On August 26, 2014, the United States Court of Appeals for the District of Columbia Circuit (“D.C. Circuit”) vacated and remanded a FERC decision that required a generator to pay network upgrade costs related to its interconnection in the PJM Interconnection, L.L.C. (“PJM”).  The D.C. Circuit held that FERC did not justify its reasoning when it departed from its own precedent and required West Deptford Energy, L.L.C. (“West Deptford”) to pay upgrade charges pursuant to cost-allocation provisions of a superseded PJM tariff, rather than pursuant to provisions of the currently-effective tariff.

The dispute arose after three generators submitted interconnection requests to PJM in 1998.  After receiving the requests, PJM determined that the three projects’ output would overload its system, and a $13 million upgrade was necessary to accommodate the requests.  PJM assigned the upgrade costs to two of the three projects.  Before the upgrade was completed, one of the cost-bearing upgrade projects withdrew its request, rendering the upgrade unnecessary.  PJM, however, determined that completing the upgrade was the least costly alternative, and therefore completed the project. 

In 2006, a year after the competed upgrades, West Deptford submitted an interconnection request to PJM.  Under PJM’s then-current tariff, PJM could recover upgrade costs if the new applicant (1) used the additional capacity created by the upgrade; (2) the cost of the upgrade was greater than $10 million; and (3) the upgrade was placed into service no more than five years prior to the applicants interconnection queue closing date.  However, eighteen months later, and while West Deptford’s interconnection request was pending, PJM proposed tariff revisions regarding the assignment of costs for prior upgrades.  Specifically, PJM proposed that it could only seek reimbursement for a period of five years from the execution date of the interconnection agreement that necessitated the upgrade.  FERC approved the tariff revisions in 2008, and in 2011 PJM submitted a draft interconnection agreement to West Deptford seeking to recover the previous upgrade costs pursuant to PJM’s superseded tariff.  After a dispute, FERC held that the superseded tariff provisions controlled and PJM could enforce its old cost-allocation rule.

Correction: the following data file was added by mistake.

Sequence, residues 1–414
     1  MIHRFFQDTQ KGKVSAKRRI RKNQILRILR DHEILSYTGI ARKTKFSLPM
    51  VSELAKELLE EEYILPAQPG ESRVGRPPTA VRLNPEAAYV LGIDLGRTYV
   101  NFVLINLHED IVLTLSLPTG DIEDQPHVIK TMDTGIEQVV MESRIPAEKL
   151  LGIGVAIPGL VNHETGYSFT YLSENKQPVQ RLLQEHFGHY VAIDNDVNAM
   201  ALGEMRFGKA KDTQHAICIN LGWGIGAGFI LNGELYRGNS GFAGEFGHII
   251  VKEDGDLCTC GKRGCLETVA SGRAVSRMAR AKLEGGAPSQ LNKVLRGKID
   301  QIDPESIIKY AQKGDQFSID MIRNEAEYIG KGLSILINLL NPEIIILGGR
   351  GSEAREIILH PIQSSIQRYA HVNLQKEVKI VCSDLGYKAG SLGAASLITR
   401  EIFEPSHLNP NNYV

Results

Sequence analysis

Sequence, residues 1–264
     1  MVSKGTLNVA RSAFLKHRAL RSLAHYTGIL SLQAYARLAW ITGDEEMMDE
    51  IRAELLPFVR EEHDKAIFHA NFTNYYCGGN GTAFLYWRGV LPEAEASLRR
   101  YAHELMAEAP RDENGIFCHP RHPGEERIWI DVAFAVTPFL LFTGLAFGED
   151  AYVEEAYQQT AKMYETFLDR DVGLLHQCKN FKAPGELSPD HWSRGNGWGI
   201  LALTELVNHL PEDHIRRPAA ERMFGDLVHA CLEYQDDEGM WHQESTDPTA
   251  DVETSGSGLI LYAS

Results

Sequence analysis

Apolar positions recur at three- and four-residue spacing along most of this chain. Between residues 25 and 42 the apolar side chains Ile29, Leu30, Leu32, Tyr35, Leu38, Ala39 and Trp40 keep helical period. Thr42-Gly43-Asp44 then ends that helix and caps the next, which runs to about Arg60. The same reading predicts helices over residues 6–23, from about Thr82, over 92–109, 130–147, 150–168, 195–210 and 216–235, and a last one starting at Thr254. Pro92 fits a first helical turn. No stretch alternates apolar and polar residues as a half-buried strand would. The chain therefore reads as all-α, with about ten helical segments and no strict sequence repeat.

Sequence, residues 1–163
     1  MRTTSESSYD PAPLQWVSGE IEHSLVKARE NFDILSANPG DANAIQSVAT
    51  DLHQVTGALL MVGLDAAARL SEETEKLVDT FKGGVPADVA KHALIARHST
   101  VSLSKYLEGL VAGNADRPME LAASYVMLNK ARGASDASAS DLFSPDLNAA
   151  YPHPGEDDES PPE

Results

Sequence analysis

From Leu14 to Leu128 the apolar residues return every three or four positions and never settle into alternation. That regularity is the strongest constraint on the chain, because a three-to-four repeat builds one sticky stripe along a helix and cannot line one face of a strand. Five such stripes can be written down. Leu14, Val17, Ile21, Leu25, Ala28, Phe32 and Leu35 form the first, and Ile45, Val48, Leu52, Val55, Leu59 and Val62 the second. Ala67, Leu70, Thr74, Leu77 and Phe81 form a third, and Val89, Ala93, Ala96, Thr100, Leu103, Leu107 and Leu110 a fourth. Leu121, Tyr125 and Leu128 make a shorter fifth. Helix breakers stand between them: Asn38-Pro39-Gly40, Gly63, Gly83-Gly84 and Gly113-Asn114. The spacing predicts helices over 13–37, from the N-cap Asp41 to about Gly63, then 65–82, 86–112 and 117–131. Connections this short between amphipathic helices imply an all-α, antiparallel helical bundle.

On review by the D.C. Circuit, the court considered which of the filed rates governs when a utility has filed more than one rate with FERC during the time it was negotiating an agreement: the rate in effect at the time negotiations began or the rate in effect when the agreement was executed.  West Deptford argued that FERC precedent dictated that the rate on file when the agreement was executed controlled, while FERC argued that it may decide which rate to use on a case-by-case basis.

The D.C. Circuit agreed with West Deptford and vacated and remanded the matter back to FERC for additional explanation.  The D.C. Circuit held that “there appeared to be an unbroken Commission practice of holding that interconnection agreements filed after the designated effective date of an amended tariff are governed by the amended tariff, unless the amended tariff has a grandfathering provision.”  The D.C. Circuit further noted that since there was precedent for using the rate on file when the agreement is executed, FERC must provide a reasoned explanation for departing from that precedent, which FERC did not provide.

 A copy of the D.C. Circuit’s opinion is available here.